Prompted by the release of the movie Jurassic World, a new poll from YouGov indicates that Americans are about evenly split on the question of whether dinosaurs and humans lived on the planet at the same time.
Asked "Do you believe that dinosaurs and humans once lived on the planet at the same time," 14% of respondents said definitely, 27% said probably, 18% said probably not, and 25% said definitely not; 16% were unsure.
Demographically, YouGov noted, "While most Americans who describe themselves as 'born again' (56%) believe that humans and dinosaurs once shared the planet, most Americans who do not describe themselves as born again (51%) think that they did not."
In seeming confirmation of the roughly even split in opinion, a poll of registered voters in Texas in 2010 found that 30% agreed and 41% disagreed with "The earliest humans lived at the same time as the dinosaurs," with 30% saying that they didn't know.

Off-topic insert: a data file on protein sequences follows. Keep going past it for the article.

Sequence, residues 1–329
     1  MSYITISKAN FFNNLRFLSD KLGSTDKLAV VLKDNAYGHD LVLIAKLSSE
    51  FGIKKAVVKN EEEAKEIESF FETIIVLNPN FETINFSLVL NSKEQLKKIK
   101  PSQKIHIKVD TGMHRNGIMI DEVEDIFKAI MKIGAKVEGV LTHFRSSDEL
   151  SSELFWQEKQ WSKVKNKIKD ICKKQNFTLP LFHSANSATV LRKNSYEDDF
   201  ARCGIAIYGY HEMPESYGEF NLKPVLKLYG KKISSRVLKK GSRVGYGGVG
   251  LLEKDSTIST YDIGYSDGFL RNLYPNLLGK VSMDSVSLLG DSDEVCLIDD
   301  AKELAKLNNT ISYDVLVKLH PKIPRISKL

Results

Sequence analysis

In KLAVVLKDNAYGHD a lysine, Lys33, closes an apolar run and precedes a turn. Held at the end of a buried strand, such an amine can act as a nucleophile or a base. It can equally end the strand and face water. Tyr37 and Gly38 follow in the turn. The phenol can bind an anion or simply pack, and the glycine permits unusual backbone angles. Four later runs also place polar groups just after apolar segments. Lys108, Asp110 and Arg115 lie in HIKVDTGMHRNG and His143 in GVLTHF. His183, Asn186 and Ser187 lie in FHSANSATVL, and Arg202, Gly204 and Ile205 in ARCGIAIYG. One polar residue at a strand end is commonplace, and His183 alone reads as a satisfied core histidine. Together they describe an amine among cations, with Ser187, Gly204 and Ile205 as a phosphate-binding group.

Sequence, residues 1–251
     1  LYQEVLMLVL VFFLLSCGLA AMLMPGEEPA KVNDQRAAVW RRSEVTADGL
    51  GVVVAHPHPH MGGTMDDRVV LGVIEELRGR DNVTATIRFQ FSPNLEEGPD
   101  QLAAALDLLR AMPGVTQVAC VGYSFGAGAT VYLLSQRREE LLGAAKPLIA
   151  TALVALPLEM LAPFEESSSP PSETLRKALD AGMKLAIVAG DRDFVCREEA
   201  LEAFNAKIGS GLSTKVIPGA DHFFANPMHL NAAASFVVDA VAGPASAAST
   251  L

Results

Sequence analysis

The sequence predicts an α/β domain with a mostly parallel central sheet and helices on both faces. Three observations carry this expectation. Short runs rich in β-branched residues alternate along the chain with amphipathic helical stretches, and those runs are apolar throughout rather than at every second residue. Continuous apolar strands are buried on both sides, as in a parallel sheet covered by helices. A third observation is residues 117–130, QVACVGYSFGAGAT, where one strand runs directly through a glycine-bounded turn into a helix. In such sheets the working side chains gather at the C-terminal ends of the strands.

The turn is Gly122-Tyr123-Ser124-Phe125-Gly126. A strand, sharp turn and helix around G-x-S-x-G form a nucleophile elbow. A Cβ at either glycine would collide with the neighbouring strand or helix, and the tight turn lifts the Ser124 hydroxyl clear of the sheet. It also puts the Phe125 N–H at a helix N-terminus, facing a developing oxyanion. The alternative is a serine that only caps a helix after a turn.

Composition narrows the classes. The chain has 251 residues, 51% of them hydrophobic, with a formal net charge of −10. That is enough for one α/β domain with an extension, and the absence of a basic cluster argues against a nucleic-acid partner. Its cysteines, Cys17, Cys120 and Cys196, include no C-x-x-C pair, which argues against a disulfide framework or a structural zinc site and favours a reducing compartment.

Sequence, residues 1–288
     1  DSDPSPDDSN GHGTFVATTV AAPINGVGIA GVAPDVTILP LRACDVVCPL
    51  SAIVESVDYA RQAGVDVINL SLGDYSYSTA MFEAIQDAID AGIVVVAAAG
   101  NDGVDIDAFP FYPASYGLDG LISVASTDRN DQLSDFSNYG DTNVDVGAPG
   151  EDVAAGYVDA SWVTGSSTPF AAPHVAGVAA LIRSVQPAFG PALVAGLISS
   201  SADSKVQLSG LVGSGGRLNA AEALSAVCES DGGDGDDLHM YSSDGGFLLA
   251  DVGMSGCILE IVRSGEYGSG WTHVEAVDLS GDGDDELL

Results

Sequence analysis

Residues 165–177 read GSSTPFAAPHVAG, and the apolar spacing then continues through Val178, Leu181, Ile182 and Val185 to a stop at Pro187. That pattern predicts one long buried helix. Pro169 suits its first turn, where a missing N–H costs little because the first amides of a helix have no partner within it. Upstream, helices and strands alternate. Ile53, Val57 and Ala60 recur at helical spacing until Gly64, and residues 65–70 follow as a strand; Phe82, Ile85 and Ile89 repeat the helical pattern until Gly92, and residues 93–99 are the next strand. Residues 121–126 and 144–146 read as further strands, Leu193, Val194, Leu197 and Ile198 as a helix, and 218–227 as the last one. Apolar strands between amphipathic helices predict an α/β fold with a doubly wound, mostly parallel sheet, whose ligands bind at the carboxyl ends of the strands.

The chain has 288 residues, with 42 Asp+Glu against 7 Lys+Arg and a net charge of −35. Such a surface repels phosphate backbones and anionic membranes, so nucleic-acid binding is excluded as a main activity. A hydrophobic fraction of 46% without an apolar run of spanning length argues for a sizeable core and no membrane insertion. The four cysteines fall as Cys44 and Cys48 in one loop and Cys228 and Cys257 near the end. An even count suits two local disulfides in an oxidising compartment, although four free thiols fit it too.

Similarly, in Reports of the NCSE in 2010, George Bishop and his colleagues described a 2008 survey in which 40% of respondents agreed, and 48% of respondents disagreed, with "Dinosaurs lived at the same time as people."
But the 2008 survey, which posed a large number of related but different questions to the respondents, also revealed apparent inconsistencies in their views: for example, 69% of respondents agreed with "Dinosaurs became extinct about 65 million years ago."
In its press release, YouGov says that "the last dinosaurs died out 65 million years ago." In fact, the scientific consensus is that dinosaurs are still extant: birds are theropod dinosaurs. It is unclear to what extent respondents were influenced by the scientific consensus.
The poll surveyed 1000 adult Americans between June 15 and June 17, 2015, apparently on-line; the margin of error reported was plus/minus 4.4%. Further details of the polling methodology are not readily apparent.